The Centers for Disease Control and Prevention estimate that approximately 1.1 million Americans are living with HIV, and 21 percent of those people do not know they are infected. The CDC also predicts that the number of people with HIV will increase by more than 50,000 each year.
Calcutta House has been around for more than 20 years to provide housing and care for Philadelphians who have received an HIV or AIDS diagnosis –a much needed service in a city with a higher rate of HIV infection when compared to the national average.
An estimated 114 of every 100,000 Philadelphians were infected with HIV in 2006 compared to the national average of 22.8, according to the Department of Public Welfare. The majority of new infections in the city are occurring in men and non-Hispanic blacks.
The organization, founded by Mother Teresa’s Missionaries of Charity Brothers, once provided care for terminally ill residents in a quaint home in University City with only five bedrooms. It has come a long way since then.
The organization has since moved out of the University City row home and into two separate facilities in North Philadelphia.
The program provides 24-hour comprehensive care to men and women who have received the daunting diagnosis.
Most residents were once homeless and found through social services, hospitals or other community outreach programs.
Care provided by Calcutta House includes a social services department, nursing staff and substance abuse counseling.
Residents are served three nutritious meals a day through a partnership with the Metropolitan Area Neighborhood Nutrition Alliance. Dietitians at MANNA developed a standard HIV and heart-healthy menu for Calcutta House residents and also provide nutrition classes.
Both locations also organize daily activities designed to improve residents’ physical and mental health and prepare them for independent living.
“About 70 percent of the residents will move in here and – in an average of 18 months – will leave here and live independently,” said Executive Director Matthew Teter.
Calcutta House provides job training and placement for residents ready to leave organization housing, and many former residents continue to use social services and medical assistance provided by the organization.
“While many residents move on to independent living, some stay at Calcutta House permanently due to certain health conditions that prevent them from living on their own,” Teter said.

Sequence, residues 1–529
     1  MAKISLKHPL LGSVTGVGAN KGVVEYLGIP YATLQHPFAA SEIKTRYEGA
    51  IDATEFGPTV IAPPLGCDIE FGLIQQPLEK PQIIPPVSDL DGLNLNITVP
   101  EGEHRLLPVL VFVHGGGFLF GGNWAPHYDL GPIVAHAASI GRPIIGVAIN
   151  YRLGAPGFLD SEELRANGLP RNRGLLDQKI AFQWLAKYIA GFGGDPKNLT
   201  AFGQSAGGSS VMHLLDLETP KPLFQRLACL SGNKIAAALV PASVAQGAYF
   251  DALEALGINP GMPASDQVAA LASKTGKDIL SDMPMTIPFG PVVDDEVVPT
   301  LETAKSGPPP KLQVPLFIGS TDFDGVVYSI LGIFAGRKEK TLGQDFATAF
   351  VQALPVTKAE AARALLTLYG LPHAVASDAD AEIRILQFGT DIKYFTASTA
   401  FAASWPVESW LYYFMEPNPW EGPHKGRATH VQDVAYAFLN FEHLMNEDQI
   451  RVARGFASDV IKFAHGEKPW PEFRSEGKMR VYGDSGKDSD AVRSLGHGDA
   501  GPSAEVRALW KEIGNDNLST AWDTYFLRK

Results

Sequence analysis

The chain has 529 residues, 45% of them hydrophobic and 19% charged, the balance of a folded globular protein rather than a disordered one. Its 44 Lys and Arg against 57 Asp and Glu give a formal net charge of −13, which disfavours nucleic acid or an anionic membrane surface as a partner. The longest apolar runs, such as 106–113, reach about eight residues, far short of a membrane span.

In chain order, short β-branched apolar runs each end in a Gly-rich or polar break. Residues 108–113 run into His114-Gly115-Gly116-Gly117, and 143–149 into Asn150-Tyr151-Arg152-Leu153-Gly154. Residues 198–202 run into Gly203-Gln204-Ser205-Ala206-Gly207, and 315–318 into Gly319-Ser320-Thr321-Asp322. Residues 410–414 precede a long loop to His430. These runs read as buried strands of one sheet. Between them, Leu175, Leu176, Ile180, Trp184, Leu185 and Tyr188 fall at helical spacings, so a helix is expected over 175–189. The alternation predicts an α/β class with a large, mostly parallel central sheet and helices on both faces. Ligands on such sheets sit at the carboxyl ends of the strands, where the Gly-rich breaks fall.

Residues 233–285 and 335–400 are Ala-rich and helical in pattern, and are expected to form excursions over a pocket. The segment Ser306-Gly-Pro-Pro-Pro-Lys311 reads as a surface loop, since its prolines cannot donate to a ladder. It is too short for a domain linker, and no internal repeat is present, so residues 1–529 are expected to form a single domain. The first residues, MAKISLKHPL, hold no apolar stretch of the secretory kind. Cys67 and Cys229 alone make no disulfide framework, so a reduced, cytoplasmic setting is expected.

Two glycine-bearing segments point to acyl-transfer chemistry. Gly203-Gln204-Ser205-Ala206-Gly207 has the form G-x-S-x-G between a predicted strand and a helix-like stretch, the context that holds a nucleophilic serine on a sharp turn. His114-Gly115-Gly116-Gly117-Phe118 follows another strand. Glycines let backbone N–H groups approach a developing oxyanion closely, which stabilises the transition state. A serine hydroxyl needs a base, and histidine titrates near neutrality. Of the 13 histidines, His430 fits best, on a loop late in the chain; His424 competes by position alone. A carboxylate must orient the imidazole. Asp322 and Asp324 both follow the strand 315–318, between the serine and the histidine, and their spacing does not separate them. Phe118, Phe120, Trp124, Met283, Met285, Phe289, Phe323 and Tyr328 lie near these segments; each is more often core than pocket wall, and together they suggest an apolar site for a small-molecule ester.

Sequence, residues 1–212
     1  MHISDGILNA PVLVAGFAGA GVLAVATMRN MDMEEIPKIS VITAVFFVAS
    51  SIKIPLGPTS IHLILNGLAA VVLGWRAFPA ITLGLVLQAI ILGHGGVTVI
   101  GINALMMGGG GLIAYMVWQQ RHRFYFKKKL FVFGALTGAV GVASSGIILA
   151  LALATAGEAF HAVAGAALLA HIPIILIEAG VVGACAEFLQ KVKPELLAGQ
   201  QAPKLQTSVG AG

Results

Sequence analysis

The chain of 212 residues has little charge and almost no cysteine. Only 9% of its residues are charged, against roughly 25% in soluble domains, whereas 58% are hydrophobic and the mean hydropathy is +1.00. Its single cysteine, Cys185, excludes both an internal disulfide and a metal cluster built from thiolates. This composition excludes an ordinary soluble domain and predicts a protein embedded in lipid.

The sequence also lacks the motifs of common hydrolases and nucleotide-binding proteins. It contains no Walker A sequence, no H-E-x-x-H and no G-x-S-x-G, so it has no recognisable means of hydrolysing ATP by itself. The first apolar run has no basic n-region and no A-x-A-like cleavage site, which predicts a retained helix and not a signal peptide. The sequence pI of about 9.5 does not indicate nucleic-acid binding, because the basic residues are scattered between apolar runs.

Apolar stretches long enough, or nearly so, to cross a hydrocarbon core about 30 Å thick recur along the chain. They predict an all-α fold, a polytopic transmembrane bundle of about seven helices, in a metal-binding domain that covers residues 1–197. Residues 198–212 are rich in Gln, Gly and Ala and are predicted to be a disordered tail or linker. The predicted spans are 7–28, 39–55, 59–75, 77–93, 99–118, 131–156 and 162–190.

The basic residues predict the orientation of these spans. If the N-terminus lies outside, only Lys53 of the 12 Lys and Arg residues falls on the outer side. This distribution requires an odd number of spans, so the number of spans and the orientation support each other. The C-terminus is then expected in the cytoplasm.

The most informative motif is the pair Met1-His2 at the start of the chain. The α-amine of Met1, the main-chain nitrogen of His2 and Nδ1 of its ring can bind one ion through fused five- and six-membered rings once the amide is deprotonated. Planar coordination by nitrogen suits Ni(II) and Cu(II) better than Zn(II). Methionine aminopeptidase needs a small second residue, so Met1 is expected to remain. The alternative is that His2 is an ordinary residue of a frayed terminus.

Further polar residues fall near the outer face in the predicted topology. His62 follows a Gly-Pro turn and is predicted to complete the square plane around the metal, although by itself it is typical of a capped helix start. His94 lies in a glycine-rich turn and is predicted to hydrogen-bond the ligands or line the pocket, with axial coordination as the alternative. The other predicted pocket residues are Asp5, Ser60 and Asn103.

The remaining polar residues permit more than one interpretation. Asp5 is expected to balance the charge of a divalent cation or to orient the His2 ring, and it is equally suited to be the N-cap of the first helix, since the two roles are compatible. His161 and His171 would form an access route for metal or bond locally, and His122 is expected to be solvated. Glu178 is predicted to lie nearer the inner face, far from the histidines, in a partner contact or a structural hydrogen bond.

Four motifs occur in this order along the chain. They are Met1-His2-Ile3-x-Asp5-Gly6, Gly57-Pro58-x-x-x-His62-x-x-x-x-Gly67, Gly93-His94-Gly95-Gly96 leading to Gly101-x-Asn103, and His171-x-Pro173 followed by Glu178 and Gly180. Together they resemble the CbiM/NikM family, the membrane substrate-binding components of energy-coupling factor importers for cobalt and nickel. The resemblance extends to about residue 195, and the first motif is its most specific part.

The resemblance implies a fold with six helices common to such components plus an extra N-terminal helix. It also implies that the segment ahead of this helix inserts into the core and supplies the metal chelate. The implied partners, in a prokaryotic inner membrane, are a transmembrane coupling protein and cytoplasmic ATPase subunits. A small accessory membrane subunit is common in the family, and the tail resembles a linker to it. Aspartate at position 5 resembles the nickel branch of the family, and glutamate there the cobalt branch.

The organization offers transportation to outside activities to help residents live their lives to the fullest, said Teter.
“Many of our residents are very active,” Teter said. “That’s the interesting challenge of serving individuals with an AIDS diagnosis because many times they’re younger than the general population that you’d find in a general-care home or assisted living.”
“Not every day is a bad day,” he continued. “Many days are good days where they can go out…to the local market or go to an activity on their own. We encourage that.”
The two Calcutta House facilities – located at 1601 W. Girard Ave. and 1221 N. 19th St. – are within three blocks of one another, making the organization a significant presence in Francisville.
Although Calcutta House strives to be what Teter called “good neighbors,” it also walks a fine line between maintaining a positive presence in the community and protecting residents’ privacy.
“It’s a delicate situation with the neighborhood,” said Teter. “We want the neighborhood to like us…We also don’t like to put big signs up and invite a lot of people – because this is a home for our residents.”
“While we’ve made a lot of progress in the general public’s understanding of HIV and AIDS, there is still a stigma attached to having a diagnosis of HIV,” he continued. “So, we want our residents to be comfortable.”
Many residents don’t know the details about the care Calcutta House provides, but they agreed the organization is a friendly neighbor.
“I’ve never heard anything negative about it,” said Natalie Ray, a lifelong resident of the North Philadelphia area. “It was always something I was told was positive, but I’ve never gone in there to see what’s going on.”
Calcutta House residents do interact with community members, Teter said. But the facility provides what he called a “tight-knit group” for residents who prefer to spend their time with others facing the diagnosis.
“It’s a delicate balance,” said Teter. “And so far the organization has done a great job.”
Since its inception, the organization has served more than 400 residents from Philadelphia and the Delaware Valley. At any given time, it serves 27 people in comprehensive care and four in independent living.
Calcutta House will celebrate its 25th anniversary next year and hopes to expand its housing programs as funds are made available, Teter said.
“We hope to continue our relationship with people in the neighborhood but also maintain the confidentiality and make our residents as comfortable as possible in their home,” said Teter.